Stagflation, or recession-inflation, occurs in economies where the inflation rate is high, the economic growth rate slows, and unemployment remains steadily high as well.
And Arthur Deakin, who is energy co-director at Americas Market Intelligence (AMI), believes that with the hike in global oil prices, plenty of nations run the risk of heading down this path.
The economic sting of the Russia-Ukraine tragedy has been felt by the fingertips of many across the world as fuel prices shot up, sending a ripple effect that saw hikes in commodity prices impacting small, developing states.
AMI had recently conducted an analysis on 13 Latin American countries to measure the impacts faced by the higher energy price.
Deakin said that one would expect all net exporters of energy would “fare well”, while net importers, such as many countries in the Caribbean and Central America, would struggle.
But the analysis determined that this was not always the case.
AMI looked at Argentina, which surpassed 50 percent inflation and spent $11 billion in energy subsidies in 2021; the country is now fiscally constrained by an International Monetary Fund (IMF) deal that forces the government to cut costs.
“And with less subsidies, and subsequently higher fuel and energy costs, the ruling Peronists will face increased public pressure and will struggle to retain power,” he explained.
Then countries like Brazil and Guyana, with exports of high-quality crude and low break-even costs that are expected to stay afloat, are facing record-inflation and public discontent over the price at the pump.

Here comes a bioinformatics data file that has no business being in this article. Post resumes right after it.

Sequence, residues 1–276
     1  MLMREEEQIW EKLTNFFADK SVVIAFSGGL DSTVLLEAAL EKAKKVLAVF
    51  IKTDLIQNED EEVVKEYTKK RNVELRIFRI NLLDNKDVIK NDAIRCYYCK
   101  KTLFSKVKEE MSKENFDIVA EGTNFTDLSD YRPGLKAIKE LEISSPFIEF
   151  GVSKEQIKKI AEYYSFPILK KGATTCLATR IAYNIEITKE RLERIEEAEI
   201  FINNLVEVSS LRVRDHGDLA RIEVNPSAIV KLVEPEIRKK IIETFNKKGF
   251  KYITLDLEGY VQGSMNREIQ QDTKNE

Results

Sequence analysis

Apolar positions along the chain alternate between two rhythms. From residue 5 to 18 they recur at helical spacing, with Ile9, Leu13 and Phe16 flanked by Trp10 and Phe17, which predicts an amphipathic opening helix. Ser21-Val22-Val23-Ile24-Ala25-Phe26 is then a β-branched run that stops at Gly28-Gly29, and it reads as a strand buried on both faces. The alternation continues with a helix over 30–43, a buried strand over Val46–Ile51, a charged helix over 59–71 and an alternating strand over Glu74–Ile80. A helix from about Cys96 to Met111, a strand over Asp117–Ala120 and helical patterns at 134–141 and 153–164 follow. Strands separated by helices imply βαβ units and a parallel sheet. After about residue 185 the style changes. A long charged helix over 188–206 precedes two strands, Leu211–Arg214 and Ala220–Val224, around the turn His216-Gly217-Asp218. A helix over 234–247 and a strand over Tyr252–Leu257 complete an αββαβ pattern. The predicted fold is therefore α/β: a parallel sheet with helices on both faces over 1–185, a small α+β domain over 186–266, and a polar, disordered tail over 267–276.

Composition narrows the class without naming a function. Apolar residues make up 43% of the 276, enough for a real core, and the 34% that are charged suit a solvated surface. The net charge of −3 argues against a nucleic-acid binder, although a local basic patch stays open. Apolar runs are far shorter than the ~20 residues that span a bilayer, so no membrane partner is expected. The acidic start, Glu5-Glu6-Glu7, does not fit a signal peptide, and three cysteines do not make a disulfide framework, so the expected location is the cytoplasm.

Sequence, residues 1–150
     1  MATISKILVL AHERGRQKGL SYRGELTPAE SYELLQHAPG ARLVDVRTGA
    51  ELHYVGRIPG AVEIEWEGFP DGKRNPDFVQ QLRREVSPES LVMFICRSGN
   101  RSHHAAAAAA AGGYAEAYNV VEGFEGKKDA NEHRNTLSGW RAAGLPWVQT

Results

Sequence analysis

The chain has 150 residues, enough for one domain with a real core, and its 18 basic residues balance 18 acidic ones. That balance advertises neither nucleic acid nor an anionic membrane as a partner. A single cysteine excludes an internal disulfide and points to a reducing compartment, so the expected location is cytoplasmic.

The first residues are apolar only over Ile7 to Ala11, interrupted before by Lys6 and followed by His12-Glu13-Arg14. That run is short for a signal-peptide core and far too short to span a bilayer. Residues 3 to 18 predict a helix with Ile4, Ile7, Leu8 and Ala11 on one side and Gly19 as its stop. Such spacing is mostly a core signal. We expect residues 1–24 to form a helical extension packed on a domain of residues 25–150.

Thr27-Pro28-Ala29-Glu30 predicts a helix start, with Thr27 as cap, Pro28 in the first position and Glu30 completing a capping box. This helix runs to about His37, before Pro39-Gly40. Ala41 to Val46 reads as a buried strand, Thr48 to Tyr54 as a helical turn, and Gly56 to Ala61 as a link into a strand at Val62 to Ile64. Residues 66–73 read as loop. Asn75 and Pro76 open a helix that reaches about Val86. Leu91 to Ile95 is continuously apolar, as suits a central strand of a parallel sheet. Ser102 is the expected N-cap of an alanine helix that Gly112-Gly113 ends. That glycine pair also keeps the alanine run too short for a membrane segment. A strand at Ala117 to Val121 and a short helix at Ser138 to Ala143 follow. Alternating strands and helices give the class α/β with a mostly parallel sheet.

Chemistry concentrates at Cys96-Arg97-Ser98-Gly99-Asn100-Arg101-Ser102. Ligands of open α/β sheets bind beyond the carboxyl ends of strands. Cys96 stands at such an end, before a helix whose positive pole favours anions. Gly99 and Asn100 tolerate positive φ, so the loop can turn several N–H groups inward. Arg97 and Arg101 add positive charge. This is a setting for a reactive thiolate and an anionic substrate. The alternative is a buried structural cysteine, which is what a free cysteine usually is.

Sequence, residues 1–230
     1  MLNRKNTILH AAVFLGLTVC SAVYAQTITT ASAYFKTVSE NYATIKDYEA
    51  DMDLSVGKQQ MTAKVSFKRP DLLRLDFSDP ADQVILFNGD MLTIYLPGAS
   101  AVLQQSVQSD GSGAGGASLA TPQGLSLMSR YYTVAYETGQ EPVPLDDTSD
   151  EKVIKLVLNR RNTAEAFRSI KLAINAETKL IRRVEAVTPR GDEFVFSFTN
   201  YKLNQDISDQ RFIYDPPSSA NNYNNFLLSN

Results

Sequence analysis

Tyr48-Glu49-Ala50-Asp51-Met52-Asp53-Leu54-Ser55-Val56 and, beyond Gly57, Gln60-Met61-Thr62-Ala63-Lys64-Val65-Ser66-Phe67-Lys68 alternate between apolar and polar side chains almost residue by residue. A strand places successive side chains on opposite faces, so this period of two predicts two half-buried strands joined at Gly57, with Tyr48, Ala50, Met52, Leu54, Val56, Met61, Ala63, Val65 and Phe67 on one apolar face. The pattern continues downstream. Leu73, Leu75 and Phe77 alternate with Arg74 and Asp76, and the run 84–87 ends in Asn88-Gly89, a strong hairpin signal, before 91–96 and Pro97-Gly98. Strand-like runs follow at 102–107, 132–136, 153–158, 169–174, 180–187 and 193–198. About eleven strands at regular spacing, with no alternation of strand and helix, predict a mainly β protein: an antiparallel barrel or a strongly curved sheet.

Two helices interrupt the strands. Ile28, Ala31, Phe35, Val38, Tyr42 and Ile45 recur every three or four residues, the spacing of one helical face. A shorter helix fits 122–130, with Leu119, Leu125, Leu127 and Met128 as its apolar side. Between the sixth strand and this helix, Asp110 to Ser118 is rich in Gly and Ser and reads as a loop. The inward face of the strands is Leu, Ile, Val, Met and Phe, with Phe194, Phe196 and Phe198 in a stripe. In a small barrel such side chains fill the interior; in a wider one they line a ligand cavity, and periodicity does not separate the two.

Taking that into consideration, Deakin posited that “high energy prices will continue to squeeze household and corporate incomes and could lead to an economic recession and stagflation.”
To buffer the pain on consumer pockets, Deakin said that governments will have to spend aggressively. In Guyana, the government reduced the excise tax on diesel and gasoline to zero percent – the fourth reduction since it assumed office in August 2020. The excise tax was first reduced from 50 percent to 35 percent in early 2021, then to 20 percent later in the year, due to concerns about the rising cost of living due to supply chain disruptions. In the 2022 budget, the government announced a further reduction to 10 percent, before Russia’s onslaught against Ukraine required further intervention.
Government also kept electricity and water rates stable by absorbing losses, after state utilities reported weakened financial positions.
But in the same view, Deakin proffered that governments would need to use their export revenues to diversify their economies, accelerate the development of multiple energy sources from renewables to liquefied natural gas and implement energy efficiency solutions to mitigate market volatility.
“Countries in the region must keep their economic engines running, guarantee energy security and comply with climate goals,” he said.
AMI showed in an analysis in March that several Latin American nations would benefit from the high energy prices, most of all, Guyana. However, in Guyana, the benefit is due to the significant increases in oil rents and exports. The non-oil economy is still disproportionately sized and remains open to the risks Deakin has now detailed.